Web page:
By Luke Voogt
World War II veteran Tom Randall has attended Anglesea’s Anzac Day ceremony longer than most Australians have lived.
“I’ve done it ever since I’ve been in Anglesea,” the 102-year-old told The Indy Wednesday. “I moved there in 1972.”
Kenneth Thomas Randall served as a mechanic in 65th Anti-Aircraft Searchlight Company (Royal Australian Engineers) in Darwin from 1942 to 1945.
He remembered arriving in Darwin six months after 242 Japanese planes attacked ships in the city’s harbour on 19 February, 1942.
“One of the first things I remember was all the sunken ships in Darwin Harbour. They (had been) sitting ducks.”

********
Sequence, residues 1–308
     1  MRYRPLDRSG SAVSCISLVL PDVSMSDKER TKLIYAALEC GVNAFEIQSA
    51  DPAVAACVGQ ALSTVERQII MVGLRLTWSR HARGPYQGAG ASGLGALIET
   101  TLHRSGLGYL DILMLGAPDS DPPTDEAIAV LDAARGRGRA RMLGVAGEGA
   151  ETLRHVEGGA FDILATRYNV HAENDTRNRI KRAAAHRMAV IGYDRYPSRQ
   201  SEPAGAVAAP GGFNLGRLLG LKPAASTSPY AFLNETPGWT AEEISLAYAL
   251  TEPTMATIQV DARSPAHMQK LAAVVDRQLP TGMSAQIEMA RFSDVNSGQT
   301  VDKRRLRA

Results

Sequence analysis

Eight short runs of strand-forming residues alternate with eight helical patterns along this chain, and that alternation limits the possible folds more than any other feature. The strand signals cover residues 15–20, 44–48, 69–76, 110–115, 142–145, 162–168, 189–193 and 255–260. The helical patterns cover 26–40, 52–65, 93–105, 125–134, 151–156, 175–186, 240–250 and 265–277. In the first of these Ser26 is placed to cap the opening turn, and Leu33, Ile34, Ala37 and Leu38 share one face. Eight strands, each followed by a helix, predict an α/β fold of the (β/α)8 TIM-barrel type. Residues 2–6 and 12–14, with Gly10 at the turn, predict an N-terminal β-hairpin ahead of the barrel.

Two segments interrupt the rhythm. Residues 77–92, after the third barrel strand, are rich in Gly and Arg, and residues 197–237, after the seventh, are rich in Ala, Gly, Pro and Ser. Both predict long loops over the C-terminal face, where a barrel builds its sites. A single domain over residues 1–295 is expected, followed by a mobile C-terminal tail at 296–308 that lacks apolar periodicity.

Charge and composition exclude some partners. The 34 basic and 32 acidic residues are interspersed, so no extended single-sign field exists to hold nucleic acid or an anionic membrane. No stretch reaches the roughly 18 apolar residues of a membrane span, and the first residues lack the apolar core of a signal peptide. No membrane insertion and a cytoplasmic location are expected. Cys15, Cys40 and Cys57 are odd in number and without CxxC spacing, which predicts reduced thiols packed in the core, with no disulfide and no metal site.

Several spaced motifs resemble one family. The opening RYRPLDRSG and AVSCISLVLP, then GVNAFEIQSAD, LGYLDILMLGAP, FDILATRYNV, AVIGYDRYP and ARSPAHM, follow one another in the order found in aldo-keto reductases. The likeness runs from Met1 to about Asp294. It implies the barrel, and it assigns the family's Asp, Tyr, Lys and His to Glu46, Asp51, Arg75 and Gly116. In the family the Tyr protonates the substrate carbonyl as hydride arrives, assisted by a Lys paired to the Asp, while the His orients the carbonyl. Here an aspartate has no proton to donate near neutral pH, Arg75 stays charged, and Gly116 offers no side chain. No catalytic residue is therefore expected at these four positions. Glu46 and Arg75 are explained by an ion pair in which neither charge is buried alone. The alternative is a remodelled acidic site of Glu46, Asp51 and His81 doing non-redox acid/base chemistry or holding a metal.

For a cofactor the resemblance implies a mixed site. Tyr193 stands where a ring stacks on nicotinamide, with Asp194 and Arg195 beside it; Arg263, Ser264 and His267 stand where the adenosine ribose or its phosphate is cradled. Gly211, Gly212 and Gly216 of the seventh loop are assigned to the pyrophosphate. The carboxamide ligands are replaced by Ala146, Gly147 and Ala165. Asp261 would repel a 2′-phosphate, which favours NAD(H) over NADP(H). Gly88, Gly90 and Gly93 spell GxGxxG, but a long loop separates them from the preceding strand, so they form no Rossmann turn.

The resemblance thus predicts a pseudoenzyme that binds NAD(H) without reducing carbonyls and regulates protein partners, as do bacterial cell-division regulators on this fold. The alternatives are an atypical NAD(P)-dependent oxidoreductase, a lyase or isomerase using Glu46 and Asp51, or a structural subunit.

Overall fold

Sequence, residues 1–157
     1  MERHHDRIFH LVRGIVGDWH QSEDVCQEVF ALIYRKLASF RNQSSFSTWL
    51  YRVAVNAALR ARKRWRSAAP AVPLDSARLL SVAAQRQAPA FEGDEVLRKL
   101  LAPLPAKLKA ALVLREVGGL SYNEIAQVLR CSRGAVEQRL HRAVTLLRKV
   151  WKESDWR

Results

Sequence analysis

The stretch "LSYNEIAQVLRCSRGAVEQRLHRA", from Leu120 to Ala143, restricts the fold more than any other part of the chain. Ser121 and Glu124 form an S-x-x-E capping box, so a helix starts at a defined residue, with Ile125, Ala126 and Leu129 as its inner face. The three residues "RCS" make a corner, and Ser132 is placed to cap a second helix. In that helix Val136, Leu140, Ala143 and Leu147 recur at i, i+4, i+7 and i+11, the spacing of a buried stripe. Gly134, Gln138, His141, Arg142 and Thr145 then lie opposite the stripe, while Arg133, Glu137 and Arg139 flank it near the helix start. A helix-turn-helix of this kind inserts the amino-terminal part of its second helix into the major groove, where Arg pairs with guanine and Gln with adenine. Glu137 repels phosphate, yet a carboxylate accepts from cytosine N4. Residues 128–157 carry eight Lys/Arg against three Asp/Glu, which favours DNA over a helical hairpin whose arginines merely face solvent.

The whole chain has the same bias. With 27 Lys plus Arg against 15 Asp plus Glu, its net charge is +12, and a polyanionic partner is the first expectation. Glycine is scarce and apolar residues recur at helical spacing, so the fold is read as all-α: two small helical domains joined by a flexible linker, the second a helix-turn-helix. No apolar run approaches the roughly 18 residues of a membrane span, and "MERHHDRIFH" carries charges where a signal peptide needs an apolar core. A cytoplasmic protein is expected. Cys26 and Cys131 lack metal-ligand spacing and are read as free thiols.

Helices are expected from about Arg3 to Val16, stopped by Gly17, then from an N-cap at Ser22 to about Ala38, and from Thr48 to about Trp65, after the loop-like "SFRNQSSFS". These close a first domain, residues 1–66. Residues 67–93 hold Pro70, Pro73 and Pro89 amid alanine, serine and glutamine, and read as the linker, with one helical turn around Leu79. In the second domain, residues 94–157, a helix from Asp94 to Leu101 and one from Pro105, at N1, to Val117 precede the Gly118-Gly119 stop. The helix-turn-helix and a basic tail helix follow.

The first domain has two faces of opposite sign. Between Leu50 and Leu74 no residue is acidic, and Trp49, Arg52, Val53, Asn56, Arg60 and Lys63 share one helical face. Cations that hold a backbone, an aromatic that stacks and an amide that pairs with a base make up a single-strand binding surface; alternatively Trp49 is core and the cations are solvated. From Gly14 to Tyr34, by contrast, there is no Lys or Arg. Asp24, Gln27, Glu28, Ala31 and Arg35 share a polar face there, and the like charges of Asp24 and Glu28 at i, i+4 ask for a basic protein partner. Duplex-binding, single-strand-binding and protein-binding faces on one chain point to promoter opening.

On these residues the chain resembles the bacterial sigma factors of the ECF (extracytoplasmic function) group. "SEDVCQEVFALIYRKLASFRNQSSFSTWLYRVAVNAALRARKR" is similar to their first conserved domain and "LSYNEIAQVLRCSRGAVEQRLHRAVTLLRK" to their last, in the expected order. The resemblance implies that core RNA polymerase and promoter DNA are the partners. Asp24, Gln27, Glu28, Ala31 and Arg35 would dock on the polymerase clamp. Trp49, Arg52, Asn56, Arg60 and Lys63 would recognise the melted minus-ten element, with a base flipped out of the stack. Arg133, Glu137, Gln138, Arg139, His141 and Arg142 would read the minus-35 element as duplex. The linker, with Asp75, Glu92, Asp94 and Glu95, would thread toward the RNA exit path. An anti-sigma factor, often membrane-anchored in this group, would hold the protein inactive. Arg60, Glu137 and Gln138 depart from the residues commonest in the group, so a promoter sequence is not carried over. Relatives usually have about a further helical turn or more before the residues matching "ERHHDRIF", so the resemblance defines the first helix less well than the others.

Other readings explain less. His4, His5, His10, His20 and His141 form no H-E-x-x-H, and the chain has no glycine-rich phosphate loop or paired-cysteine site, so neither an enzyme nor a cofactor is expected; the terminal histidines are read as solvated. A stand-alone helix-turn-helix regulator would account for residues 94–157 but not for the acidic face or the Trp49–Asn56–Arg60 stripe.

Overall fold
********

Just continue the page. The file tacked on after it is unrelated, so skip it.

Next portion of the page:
The Japanese would bomb the city almost 100 more times, but Mr Randall avoided any near misses.
“Although they bombed Darwin all the time, you weren’t always in the place they bombed,” he said. “It’s a very big place.”
He would ride his motorbike around the city and its outskirts maintaining searchlight generators.
Goannas would give him a scare more often than bombs, he said.
“You’d ride your motorbike around and that would frighten the hell out of them. They were pretty big – they’d give you a fright alright when they’d jump out of the trenches.”
Mr Randall is one of five members of his unit still alive, he said.
“We don’t have a reunion anymore because there’s not enough of us left.”
The great-grandfather of five has given the salute for the ceremony for years, but this year handed it over to Moss Darby a 94-year-old RAAF Veteran from World War II.
“He’s OK,” Mr Randall said. “We don’t talk about the war very much, we just like to catch up socially.”
Anglesea’s Anzac Day march begins at the corner of Noble Street and the Great Ocean Road at 9.30am.